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What Employers Need to Know To Comply with the Genetic Information Nondiscrimination Act (GINA)

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Does your wellness program ask employees to take a health risk assessment? Do your employees undergo a fitness for duty examination? Or do you have employees who have requested to take leave under the Family and Medical Leave Act (FMLA)?

If so and you have 15 or more employees, you need to ensure that you are in compliance with the Genetic Information Nondiscrimination Act (GINA).

GINA prohibits employers and other covered entities, such as health insurance companies, from requesting or requiring genetic information with respect to an employee or family member of the employee. It also prohibits employers from discriminating, harassing or retaliating against employees or job applicants on the basis of genetic information.

So what constitutes genetic information? GINA defines “genetic information” broadly to include requesting information about an individual’s or a family member’s genetic tests, any request for or receipt of genetic services, or requesting information about the manifestation of a genetic disease or disorder.

There are some limited exceptions, which include inadvertent disclosures and disclosures made by the employee in a request for FMLA leave. In these cases GINA makes it unlawful for the employer to discriminate against the employee because of the employee’s genetic information.

If genetic information is disclosed to the employer as part of an employee’s confidential medical records, this information must be kept confidential and maintained in a separate file from the rest of the employee’s file with the employer. The record-keeping requirements under GINA mirror the requirements for maintaining medical files in compliance with the Americans with Disabilities Act.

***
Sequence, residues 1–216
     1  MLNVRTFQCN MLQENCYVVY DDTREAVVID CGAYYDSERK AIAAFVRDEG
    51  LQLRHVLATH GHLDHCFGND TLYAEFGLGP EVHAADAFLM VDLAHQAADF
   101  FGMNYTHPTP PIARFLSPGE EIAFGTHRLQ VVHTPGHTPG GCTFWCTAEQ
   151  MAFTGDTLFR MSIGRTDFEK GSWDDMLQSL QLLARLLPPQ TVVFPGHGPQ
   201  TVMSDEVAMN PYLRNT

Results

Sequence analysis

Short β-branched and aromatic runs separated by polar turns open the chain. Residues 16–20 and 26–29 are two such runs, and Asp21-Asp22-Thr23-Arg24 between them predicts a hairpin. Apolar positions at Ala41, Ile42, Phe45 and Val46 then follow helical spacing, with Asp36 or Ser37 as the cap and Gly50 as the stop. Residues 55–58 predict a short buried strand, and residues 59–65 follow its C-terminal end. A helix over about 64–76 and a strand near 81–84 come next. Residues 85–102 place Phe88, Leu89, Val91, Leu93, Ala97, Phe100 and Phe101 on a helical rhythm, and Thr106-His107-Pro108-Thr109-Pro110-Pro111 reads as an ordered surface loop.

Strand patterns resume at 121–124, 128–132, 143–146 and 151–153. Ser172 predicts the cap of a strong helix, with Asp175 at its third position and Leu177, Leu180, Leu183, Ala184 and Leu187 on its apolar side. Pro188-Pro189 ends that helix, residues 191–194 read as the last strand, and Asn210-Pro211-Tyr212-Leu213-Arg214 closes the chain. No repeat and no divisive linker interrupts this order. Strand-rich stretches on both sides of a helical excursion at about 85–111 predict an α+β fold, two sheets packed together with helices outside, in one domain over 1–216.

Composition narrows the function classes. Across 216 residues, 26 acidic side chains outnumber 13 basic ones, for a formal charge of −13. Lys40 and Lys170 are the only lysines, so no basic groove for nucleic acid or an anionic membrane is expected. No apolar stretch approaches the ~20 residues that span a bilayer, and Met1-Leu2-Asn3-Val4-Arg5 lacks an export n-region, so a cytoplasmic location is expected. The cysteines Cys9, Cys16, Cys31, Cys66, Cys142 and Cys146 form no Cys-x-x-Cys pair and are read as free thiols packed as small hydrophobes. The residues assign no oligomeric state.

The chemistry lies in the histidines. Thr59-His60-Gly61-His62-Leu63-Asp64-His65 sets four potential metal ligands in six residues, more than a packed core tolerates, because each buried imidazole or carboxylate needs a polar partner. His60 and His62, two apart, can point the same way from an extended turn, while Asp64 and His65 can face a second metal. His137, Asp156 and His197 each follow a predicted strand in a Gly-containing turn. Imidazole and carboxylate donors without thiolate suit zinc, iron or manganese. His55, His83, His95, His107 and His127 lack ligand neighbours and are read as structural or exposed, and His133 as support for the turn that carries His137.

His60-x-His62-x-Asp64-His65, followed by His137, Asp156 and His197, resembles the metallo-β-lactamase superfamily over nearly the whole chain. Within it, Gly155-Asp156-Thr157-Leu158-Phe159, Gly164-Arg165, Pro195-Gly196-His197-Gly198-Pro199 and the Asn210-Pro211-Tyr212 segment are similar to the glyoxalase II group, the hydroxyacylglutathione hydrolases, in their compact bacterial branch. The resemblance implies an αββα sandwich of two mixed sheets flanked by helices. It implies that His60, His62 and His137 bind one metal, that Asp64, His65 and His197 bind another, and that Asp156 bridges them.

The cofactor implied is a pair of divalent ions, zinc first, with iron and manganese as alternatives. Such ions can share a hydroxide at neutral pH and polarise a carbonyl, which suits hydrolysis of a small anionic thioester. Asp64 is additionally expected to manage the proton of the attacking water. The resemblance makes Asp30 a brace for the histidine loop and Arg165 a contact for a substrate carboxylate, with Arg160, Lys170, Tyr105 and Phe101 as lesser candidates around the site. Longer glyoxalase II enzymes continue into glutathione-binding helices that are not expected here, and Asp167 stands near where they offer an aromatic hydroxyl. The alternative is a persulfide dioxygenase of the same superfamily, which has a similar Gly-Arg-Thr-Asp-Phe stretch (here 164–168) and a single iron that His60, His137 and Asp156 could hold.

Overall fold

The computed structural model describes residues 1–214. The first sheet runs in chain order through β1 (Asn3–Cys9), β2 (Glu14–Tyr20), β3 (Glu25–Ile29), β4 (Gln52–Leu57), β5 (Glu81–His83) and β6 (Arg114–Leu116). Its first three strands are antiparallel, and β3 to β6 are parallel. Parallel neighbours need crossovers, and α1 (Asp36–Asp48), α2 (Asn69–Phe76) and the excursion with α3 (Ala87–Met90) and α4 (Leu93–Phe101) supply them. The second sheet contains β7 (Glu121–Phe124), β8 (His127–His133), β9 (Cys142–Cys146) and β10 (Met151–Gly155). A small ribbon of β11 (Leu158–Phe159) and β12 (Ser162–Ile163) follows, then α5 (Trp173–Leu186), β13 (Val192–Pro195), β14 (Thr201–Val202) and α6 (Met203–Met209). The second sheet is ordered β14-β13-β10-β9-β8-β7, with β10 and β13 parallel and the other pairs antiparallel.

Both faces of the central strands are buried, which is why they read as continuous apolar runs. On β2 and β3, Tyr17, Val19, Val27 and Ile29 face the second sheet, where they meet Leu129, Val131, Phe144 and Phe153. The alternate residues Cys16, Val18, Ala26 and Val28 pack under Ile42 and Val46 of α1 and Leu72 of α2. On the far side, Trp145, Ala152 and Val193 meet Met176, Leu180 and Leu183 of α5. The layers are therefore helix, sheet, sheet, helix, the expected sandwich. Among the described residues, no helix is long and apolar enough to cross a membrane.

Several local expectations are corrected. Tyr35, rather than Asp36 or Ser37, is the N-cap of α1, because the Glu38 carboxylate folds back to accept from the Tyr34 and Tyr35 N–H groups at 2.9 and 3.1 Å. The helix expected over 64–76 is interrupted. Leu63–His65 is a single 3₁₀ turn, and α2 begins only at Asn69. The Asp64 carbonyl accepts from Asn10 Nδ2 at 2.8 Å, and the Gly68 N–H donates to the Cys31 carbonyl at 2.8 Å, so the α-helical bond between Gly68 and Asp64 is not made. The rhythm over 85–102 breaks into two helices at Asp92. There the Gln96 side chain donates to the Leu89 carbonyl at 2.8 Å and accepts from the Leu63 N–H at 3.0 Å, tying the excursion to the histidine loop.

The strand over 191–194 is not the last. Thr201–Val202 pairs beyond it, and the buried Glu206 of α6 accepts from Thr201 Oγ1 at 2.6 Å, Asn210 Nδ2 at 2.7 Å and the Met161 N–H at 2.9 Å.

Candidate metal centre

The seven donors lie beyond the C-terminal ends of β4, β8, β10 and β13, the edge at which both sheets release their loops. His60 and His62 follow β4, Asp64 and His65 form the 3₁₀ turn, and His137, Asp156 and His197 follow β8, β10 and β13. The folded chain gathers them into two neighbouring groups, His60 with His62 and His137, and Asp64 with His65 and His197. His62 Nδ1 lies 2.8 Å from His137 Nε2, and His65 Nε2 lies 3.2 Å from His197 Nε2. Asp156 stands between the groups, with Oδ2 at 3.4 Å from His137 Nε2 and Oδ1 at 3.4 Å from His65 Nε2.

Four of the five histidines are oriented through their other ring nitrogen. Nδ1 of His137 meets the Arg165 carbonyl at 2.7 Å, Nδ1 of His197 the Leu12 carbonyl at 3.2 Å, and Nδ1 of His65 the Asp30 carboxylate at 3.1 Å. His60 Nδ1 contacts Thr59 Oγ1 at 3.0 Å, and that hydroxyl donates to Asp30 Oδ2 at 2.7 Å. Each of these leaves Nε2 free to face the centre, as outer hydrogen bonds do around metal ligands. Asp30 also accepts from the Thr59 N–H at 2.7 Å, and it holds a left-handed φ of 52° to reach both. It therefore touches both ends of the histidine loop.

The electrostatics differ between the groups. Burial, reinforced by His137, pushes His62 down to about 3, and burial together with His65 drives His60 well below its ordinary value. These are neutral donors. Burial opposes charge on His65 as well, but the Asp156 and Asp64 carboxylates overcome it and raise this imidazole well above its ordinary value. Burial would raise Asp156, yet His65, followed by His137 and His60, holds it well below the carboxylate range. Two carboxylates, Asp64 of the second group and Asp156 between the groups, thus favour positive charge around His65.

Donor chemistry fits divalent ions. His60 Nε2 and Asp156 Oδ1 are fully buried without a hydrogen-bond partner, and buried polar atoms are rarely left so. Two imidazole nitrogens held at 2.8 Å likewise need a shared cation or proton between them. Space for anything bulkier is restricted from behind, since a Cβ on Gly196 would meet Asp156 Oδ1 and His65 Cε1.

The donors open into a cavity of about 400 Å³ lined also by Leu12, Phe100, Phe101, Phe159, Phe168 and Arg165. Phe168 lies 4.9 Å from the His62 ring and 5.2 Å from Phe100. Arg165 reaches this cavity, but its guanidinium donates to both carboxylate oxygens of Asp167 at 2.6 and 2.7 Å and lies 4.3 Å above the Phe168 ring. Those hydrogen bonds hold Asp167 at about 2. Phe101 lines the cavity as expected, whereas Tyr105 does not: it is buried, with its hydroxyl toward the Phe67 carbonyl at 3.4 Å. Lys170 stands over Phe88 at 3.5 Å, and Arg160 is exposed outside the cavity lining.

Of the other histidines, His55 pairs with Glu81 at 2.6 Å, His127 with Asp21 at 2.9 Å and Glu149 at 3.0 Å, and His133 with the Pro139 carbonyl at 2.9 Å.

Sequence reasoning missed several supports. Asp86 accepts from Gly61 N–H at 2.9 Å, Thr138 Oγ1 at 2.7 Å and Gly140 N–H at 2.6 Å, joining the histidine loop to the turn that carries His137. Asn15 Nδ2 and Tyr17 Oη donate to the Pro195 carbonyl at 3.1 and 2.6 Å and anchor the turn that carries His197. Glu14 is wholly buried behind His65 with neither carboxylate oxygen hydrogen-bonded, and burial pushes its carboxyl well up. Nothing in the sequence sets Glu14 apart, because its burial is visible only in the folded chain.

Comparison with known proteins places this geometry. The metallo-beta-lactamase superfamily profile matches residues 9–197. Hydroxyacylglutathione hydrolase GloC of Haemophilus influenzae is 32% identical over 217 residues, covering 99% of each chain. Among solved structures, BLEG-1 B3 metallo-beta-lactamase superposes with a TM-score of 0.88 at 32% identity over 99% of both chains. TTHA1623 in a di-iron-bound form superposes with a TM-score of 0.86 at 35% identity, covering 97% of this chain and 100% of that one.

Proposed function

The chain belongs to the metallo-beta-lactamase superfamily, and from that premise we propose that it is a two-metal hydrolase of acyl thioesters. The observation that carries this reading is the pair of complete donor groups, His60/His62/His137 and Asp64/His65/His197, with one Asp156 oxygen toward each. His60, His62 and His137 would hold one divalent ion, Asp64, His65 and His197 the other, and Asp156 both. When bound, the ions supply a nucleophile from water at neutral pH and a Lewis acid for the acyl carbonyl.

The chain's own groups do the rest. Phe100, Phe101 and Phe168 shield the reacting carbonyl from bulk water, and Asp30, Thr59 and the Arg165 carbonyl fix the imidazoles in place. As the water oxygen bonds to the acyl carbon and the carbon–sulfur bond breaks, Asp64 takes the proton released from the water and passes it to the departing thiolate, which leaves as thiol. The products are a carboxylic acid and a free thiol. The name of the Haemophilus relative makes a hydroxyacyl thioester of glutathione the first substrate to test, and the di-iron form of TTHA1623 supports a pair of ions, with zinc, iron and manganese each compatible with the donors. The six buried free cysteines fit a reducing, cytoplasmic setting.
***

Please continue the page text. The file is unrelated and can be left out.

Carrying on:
Employers cannot disclose this confidential genetic information unless one of the limited exceptions as provided for in GINA are present, such as in response to the employee’s own written request, in response to a court order or in conjunction with the certification requirements of FMLA.

Effective April 3, 2012, employers will need to retain records relevant to GINA and genetic information for a period of one year after the date the record is prepared and kept in the usual course of business for that time.

If your company uses a health risk assessment to provide employees with feedback on their health risks, the assessment should specifically state that genetic information should not be provided. It also should not request family medical history unless the request is completed after and totally unrelated to enrollment and there is no reward for completing the assessment.

Additionally, employers should revise their employment policies to include genetic information to the list of protected classes. If you are still doing so, stop asking for genetic information, including family medical histories, on employment applications or in connection with medical leave.